Gary Allen Smith
Explorations of a Virtual Geography
By Gary Allen Smith
©1994, All Rights Reserved
Fractals are vast geographies existing as virtual universes calculated inside the computer. Different equations produce differently shaped virtual geographies. The Mandelbrot equation, first investigated by Benoit Mandelbrot, when plotted, produces the oddly balloon-shaped sea shown here.
The shore of this sea is richly packed with grand vistas of complexity containing tendril-like structures, long sinewy rifts, giant sprays of fire and electricity, vast plains of color and lace, and even strange, alien organisms. From within this complex shoreline, I create my imagery.
The Mandelbrot Fractal (monochrome)
The Mandelbrot shoreline is infinite. Mathematically, it can be expanded forever, but in reality is limited to the computing precision of the software used to generate it. The software I use can expand the Mandelbrot fractal to an image that is one-quarter of a light-year wide. At the same scale, 805 copies of our 7.3 billion mile diameter solar system would easily fit side by side across the image shown above.
The Structure of Fractal Art
Fractals are a unique form of image based on the rendering of non-linear algebraic equations. They require a computer to generate and can be painted in extremely bright and complex colors. They are very convoluted images that can be expanded infinitely and still retain a similar level of complexity. They have a structure that is mind-boggling and confusing.
Fractals appear to fold in on themselves, possessing a structure that hovers between two-dimensional drawings and three-dimensional sculptures. Looking at the two images Chrysolite Swirl and Chrysolite Ballet, one can see this paradoxical structure.
On close inspection, one sees that Chrysolite Swirl is really an enlargement of the center area of Chrysolite Ballet. Yet, if one studies the myriad, feathery spines that outline the great swirling arms of Chrysolite Swirl, one realizes that they are miniature versions of Chrysolite Ballet.
Which came first: the swirl or the ballet? Where does one fractal end and the next one begin?
The Technology of Fractal Art
The virtual nature of fractals causes many problems for the computer artist. Producing gallery quality images requires state-of-the-art equipment. The extremely high resolution needed to show the incredible detail in fractals demands a large amount of computing power. Beryline Lamina is composed of 22,325,625 pixels, many of which took several thousand iterations to compute. Calculating it required 88 hours of continuous computation on my 50MZ 68030 Macintosh with 50MZ FPU. Only very low-resolution version of Beryline Lamina is show here.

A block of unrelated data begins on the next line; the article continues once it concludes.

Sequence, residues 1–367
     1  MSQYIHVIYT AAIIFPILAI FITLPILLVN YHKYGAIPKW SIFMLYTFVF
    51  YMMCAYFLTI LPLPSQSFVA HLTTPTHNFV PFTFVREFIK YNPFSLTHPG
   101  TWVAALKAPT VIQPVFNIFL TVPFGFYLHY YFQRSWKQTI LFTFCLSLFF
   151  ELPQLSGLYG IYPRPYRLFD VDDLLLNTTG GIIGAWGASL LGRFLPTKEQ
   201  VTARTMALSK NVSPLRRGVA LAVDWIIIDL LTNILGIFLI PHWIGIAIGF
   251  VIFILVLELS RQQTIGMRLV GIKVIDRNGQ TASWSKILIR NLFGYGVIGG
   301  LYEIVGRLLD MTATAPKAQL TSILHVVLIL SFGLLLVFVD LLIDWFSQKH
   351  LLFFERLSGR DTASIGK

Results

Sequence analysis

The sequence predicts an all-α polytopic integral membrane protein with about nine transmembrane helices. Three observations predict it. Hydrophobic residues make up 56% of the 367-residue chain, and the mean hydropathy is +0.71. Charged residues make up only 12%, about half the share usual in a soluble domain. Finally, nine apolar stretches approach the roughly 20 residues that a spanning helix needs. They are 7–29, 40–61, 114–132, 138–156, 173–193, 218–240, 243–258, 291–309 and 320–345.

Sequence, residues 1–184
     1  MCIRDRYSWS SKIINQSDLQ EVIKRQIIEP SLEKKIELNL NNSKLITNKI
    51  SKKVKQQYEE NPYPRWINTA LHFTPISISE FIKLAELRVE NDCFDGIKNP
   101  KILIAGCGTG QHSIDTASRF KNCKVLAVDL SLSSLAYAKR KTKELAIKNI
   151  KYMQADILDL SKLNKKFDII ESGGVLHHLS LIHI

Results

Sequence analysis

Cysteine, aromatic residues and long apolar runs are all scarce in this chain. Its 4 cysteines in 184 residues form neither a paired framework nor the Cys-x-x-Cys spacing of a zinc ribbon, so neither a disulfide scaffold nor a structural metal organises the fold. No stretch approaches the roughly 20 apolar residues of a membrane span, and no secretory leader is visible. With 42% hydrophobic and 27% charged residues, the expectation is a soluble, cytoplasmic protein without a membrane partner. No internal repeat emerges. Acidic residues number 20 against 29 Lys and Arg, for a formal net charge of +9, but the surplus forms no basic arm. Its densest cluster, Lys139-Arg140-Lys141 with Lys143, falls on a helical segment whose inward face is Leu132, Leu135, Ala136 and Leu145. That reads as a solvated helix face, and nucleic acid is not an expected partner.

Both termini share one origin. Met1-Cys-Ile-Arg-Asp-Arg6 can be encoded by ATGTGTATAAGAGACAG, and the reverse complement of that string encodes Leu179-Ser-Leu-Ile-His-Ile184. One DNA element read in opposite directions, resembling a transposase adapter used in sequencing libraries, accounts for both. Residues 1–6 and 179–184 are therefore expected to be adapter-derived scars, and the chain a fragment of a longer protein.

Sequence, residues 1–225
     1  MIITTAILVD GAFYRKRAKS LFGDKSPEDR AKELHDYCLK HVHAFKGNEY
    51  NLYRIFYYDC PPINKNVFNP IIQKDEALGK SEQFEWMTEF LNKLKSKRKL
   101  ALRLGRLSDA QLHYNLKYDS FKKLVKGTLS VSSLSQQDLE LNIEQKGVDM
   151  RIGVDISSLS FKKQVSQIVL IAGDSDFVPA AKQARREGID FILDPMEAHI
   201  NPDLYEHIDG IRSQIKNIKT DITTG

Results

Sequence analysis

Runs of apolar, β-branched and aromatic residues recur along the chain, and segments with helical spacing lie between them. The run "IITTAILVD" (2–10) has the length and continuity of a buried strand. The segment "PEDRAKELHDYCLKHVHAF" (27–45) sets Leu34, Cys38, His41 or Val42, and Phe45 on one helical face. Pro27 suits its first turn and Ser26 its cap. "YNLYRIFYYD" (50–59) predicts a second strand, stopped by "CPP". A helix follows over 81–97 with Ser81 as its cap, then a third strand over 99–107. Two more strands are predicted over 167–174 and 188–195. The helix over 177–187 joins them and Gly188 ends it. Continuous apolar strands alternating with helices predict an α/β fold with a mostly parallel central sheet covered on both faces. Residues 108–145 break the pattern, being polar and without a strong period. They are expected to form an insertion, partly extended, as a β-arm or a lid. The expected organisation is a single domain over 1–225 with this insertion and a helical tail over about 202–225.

I use dye sublimation and Iris inkjet technology to realize my prints. In dye sublimation, an emulsion contains dye crystals for each of the CYMK color separations. At each point, these crystals rupture in proportion to the desired color's components. The dyes leak out and sublimate together to produce the precise color.
Similarly, Iris inkjet technology mixes wet inks at extremely fine resolutions. Both technologies produce continuous tone images that do not exhibit the dot patterns of lithography. When magnified, my images show only smooth expanses of color.
The Colors of Fractal Art
In the computer, fractal images are stored as numbers laid out in a rectangular pattern. These numbers map to colors, producing the fractal image and making it visible.
By judiciously choosing the colors in a palette, I can affect the appearance of the fractal. The color palettes act as filters through which I view my fractals. Different color schemes accentuate different attributes of a particular fractal. A color palette that has smooth changes in hue while maintaining a constant brightness accentuates high complexity areas as in Chrysolite Swirl and Chrysolite Ballet. Colors arranged in bands of different hues that have deepening shades of the same hue within each band, accentuate low complexity areas as in Beryline Lamina and Embryonic Calculations.
Cryonic Tubulation is an example of a special, linearly increasing color palette. The colors are arranged in bands in the same way as in the low complexity palette described above, however, each successive band is wider than the previous one. This color palette produces a uniquely dominating shape containing a subtler complexity.
Gary Allen Smith is a computer artist / software developer living in the San Diego area. He has spent the last 2 1/2 years exploring the Mandelbrot Fractal, documenting it through fine art. Gary is continually amazed by the infinite complexity of the Mandelbrot, and the viewer is reminded that the works seen here represent only a tiny fraction of his work. The above paragraphs are excerpts from his recent Explorations of a Virtual Geography installation at CyberFest '94. A book further illustrating his efforts is planned for release in late 1995.
Due to the inherent limitations of computer technology, the images included in this and other files included on this CD are faint reflections of the grandeur possible using state-of-the-art printing technologies. For more information and a color catalog send $4 to Gary Allen Smith, P.O. Box 891, Poway, CA 92074 or E-mail to "GaryAllen" on America On-Line.